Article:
It has frequently been something of note to me how a person's soul will experience seasons, like the world around it. They will not necessarily correspond, but the effects can be the same in a metaphorical sense. The winter of 2011 was one of those times for me and I definitely felt it on a deeper level.
It was a time when I wanted little more than to shut myself into my apartment while the ice dug its fingers into the ground outside. Artistic inspiration and motivation were very hard for me to come by. I remember forcing myself to venture out with my camera during the famous snow storm of Atlanta, trying desperately to see and capture a decent image, only to come back with nothing. It was very frustrating.
Towards the end of winter, during one of the first warm fronts of the year, I was visiting family in my hometown. I had my camera with me and while driving around, we stumbled upon an abandoned and crumbling old mill. My hometown is an old textile town; the mills are not uncommon, but I was immediately intrigued by this particular one, and even though it was surrounded by barbed wire and signs warning against trespassing, I set out to find a way in.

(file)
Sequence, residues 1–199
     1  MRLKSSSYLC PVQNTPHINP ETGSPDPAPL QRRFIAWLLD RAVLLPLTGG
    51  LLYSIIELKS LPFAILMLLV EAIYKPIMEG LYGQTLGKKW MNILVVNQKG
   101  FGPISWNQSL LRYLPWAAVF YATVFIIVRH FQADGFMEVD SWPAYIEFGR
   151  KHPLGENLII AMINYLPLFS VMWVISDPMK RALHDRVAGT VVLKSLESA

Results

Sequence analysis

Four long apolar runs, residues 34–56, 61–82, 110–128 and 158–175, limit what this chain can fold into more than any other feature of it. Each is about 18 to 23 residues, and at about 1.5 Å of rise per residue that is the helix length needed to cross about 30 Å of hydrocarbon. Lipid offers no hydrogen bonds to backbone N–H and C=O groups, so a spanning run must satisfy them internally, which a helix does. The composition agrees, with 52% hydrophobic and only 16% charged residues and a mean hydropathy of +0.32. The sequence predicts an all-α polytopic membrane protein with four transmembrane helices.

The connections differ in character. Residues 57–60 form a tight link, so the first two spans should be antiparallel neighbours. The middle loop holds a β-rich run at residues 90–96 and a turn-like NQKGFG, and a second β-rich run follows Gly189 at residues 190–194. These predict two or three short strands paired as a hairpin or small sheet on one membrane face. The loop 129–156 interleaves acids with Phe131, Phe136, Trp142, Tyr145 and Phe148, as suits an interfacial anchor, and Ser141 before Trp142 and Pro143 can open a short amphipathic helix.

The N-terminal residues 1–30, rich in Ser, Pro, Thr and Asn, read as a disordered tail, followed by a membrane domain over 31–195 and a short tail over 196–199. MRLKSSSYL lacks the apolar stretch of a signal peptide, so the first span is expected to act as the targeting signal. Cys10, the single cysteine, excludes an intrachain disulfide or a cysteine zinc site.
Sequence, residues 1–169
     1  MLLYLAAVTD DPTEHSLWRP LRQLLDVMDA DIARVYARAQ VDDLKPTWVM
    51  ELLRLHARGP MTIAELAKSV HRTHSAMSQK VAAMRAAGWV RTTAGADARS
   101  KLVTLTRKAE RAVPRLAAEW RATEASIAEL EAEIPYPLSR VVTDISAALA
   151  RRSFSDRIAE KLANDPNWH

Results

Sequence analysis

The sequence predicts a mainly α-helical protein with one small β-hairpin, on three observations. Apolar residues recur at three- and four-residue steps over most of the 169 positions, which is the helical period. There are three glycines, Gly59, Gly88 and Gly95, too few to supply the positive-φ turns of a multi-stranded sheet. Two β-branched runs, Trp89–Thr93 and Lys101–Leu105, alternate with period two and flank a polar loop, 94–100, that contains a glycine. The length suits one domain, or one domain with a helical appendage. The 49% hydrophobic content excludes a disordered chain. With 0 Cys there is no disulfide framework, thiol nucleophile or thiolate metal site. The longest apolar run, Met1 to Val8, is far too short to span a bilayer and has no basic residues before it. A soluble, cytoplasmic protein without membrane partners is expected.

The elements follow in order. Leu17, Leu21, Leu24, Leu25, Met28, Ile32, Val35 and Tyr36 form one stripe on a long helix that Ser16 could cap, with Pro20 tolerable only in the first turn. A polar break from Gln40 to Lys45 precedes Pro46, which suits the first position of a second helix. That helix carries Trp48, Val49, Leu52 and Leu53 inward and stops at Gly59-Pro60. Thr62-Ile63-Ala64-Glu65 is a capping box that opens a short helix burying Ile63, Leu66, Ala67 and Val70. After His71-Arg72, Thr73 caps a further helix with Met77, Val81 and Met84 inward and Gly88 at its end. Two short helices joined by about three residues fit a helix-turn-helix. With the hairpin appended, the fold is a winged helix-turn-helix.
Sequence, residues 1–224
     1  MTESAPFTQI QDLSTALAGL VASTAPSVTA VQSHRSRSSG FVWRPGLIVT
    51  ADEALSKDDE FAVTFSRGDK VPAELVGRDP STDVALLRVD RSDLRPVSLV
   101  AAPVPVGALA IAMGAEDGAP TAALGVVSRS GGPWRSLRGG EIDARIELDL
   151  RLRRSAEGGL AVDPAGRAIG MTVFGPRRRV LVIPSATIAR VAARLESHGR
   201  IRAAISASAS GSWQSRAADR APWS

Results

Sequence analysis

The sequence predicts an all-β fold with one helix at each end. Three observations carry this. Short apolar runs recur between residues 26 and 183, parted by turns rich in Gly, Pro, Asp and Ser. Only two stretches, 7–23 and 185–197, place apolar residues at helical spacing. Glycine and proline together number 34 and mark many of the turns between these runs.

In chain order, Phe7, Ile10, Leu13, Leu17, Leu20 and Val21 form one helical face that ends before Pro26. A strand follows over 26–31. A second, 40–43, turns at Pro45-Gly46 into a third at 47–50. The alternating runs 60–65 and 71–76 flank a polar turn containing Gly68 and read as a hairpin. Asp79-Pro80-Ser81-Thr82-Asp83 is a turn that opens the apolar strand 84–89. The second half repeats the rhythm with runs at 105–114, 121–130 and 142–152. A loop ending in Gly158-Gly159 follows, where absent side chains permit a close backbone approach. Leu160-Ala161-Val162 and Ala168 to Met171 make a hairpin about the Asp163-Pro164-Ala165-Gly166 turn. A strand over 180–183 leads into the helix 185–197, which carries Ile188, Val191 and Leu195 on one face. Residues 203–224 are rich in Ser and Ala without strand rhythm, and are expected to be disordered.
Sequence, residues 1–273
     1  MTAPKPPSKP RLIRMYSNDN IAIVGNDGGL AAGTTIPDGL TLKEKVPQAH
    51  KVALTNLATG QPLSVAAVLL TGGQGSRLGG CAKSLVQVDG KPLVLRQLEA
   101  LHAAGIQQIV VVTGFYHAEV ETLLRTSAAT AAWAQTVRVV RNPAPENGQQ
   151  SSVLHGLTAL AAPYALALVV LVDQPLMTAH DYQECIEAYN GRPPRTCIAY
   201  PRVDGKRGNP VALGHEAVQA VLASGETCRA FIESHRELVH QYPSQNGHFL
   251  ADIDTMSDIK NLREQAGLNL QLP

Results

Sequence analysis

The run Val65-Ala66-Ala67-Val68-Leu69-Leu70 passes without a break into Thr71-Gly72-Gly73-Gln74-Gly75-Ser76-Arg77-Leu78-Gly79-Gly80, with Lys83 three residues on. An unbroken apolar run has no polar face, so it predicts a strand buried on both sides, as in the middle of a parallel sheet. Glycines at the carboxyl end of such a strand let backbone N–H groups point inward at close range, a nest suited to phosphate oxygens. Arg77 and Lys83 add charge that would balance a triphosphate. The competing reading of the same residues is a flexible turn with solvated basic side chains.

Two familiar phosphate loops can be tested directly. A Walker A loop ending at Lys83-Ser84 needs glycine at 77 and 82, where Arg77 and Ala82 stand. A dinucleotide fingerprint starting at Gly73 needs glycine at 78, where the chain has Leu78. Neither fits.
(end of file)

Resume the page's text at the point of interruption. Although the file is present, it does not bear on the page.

It was in ruins and had suffered from a fair amount of vandalism, but time had allowed nature to come in and reclaim its place there. Amidst the broken brick and shattered glass, life sprang up through the cracks everywhere, demanding to be. Birds had made their homes in the rafters - their wings fluttered above me as I began to explore and snap my shutter, open-mouthed in awe. Layers of oil and smoke and moss had collided into amazing displays of color on the brick. Rust had waged war on the paint of every surface and the peeling away revealed its secret love affair with the elements around it. What I found there was a magical place, left there to be completely affected by time, yet somehow outside of temporal constraints as well. It flirted with my camera and teased my senses out of their winter hiding place.
My visits there allowed me to reconnect with myself and hear my own voice a little more clearly during a poignant time in life. There with the rubble and decay, I felt the inherent sense of resilience and determination around me. Nature refuses to be denied and that same steadfastness can be found in us as well. Life brings turmoil and heartache, but our desire to live, and live wholly, can supersede all else. We fall down, but we pick ourselves back up. We make mistakes, but we can learn from them too.
We build walls around ourselves, but we can also break them down.
Vanessa Prestage - 2011